His kids and Grand Kids have absolutely no interest in these engines so he sold them off one by one. I bought an Atkinson cycle engine from him today..one of his first builds and a pretty good job. He made all the castings and basically made it from start to finish..a Gingery design. It was high on a shelf covered with twenty years of dust and no..his kids didn't want it and he felt it wasn't worth listing it for sale. He charged me a hundred dollars..basically giving it to me.

My point is..how could his kids and Grand kids not want that? For 150 years men and boys have been interested in Power in Flywheels..steam,Gas hot air. Every boy wanted a steam engine and many many men built steam engines for themselves. This doesn't even begin to include all the small steam stuff available through companies likes Coles, Steven Dockyard, Bassett Lowke and uncountable others.

Some things should never change and interest in basic engines and mechanics which these engines teach should never die and fade away. Then you have families who raise children who have no interest in what their parents have created by hand..no appreciation for beautiful things hand crafted and built by their own flesh and blood. What happened? What in Gods name happened?

My Grandfather gave me an old wooden box set of tap and dies when I took first place in VICA..Vocational Clubs of America back in 1975. He is gone now and nothing could make me part with that set of threading tackle. Value..maybe 30 bucks. Most young people cannot comprehend what these things "mean" in terms of the human struggle to make life easier for them and their children.Something dear and irreplaceable is quickly being lost. I wish I knew the answer.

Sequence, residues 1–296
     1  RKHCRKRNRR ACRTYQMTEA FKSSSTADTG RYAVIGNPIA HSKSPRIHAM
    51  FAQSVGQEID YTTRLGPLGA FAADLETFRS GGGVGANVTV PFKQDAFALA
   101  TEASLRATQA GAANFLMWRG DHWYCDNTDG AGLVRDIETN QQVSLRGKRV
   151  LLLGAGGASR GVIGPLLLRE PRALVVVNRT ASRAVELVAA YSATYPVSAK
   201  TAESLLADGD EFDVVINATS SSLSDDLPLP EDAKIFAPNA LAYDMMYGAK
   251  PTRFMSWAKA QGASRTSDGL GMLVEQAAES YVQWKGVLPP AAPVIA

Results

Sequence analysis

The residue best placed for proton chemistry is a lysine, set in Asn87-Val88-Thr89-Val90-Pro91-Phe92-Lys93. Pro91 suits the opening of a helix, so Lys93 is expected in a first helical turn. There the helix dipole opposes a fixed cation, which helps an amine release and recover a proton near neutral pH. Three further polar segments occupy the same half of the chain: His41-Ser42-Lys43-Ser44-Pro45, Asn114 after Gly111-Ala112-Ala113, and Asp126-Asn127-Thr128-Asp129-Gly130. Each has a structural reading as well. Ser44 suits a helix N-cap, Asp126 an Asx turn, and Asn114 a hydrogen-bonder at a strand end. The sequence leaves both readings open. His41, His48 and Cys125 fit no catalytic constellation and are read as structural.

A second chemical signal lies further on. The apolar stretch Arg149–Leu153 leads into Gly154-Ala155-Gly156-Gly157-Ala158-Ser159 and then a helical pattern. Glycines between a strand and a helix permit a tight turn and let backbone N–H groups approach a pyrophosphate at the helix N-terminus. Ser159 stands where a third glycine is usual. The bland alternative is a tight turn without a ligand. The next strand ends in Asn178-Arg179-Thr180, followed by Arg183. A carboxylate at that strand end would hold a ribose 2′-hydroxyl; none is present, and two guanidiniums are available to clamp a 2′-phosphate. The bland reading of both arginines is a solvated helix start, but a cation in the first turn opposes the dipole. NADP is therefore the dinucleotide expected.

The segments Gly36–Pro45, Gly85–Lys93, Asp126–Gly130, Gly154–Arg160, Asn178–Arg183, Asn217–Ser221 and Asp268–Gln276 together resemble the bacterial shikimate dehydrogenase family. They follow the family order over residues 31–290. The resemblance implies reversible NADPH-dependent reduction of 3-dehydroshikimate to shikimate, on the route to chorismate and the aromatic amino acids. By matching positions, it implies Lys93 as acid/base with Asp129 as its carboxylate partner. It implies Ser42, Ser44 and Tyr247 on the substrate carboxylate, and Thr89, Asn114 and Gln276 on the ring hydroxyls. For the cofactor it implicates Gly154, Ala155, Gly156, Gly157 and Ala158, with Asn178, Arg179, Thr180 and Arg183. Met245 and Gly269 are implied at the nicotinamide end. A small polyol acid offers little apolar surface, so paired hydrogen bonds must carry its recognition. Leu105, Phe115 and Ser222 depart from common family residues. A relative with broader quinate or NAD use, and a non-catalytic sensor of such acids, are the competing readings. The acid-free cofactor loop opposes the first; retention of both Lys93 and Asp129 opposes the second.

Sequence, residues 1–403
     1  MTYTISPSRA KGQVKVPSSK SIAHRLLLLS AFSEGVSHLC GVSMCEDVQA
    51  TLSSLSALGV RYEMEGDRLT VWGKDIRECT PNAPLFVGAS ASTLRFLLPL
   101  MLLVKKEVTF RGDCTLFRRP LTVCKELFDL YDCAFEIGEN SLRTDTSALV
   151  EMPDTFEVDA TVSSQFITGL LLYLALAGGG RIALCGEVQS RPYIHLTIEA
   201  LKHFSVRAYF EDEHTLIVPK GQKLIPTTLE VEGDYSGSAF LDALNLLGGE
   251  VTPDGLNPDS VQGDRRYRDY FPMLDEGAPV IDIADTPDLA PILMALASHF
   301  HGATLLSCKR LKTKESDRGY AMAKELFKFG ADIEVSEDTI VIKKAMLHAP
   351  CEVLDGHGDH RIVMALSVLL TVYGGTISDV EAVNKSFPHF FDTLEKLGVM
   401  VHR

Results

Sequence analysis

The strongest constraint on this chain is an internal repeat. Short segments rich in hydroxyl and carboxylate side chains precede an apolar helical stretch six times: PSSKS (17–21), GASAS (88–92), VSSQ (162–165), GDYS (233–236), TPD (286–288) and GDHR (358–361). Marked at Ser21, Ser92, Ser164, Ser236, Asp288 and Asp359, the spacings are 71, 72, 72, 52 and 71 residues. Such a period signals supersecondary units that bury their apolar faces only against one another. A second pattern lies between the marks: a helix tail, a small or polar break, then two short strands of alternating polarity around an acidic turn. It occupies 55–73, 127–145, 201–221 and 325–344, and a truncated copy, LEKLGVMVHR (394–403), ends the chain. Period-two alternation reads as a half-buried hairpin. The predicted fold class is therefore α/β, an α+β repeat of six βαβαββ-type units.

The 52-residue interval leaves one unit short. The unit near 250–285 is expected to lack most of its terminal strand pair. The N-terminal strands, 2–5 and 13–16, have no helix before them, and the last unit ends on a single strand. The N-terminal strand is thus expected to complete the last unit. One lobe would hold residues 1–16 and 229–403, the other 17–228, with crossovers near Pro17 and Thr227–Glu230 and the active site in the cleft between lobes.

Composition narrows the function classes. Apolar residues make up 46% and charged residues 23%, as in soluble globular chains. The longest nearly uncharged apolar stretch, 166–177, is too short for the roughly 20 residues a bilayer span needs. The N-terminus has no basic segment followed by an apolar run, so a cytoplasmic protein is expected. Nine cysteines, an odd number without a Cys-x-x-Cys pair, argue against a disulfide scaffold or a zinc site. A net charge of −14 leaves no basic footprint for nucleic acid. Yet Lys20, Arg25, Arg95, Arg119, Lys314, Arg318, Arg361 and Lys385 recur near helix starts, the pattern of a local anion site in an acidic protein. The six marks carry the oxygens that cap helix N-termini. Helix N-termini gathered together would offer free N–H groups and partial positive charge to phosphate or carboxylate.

Lester:

You and many of the brethren who "populate" this forum are of like minds and sentiments. Unfortunately, we are getting fewer as age takes its toll and ever fewer younger people join our ranks. A lot has changed in this country, and I blame society in general for a "watering down" of standards and the educational system for doing a fairly thorough job of destroying much of the awareness of the skilled trades and technical professions along with this same "watering down". With it came a destruction of the work ethic and the pride in doing a "real job". Add the litigious society we have, with people trying to idiot-proof everything and anything and eliminating shop classes, and add the greatly reduced manufacturing sector in this country and the factors are all there for what we are seeing and experiencing.

Now, the idea of something a young person might want to play with is a computer simulation at best, or a "game" dealing with death and destruction at worst. In the sixth grade of grammar school, back in about 1962, all us boys took "shop". No fancy disguising of the name into "technology". We worked with simple tools- carpenter's planes, wood chisels, handsaws, brace-and-bit, and "eggbeater" type drills to make simple wood projects. Shelves and neck-tie racks and bird houses. Even kids who lived in apartment buildings learned to do simple woodwork and put up a shelf. Now, shelves are often made of plastic or particleboard with fake woodgrain contact paper and are often stuck to the wall with some sort of adhesive.